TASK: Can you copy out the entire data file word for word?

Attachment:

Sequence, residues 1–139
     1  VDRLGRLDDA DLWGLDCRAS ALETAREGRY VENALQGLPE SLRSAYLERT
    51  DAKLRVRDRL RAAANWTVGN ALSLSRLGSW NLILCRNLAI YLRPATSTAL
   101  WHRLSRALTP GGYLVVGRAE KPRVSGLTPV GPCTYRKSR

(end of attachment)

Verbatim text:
Sequence, residues 1–139
     1  VDRLGRLDDA DLWGLDCRAS ALETAREGRY VENALQGLPE SLRSAYLERT
    51  DAKLRVRDRL RAAANWTVGN ALSLSRLGSW NLILCRNLAI YLRPATSTAL
   101  WHRLSRALTP GGYLVVGRAE KPRVSGLTPV GPCTYRKSR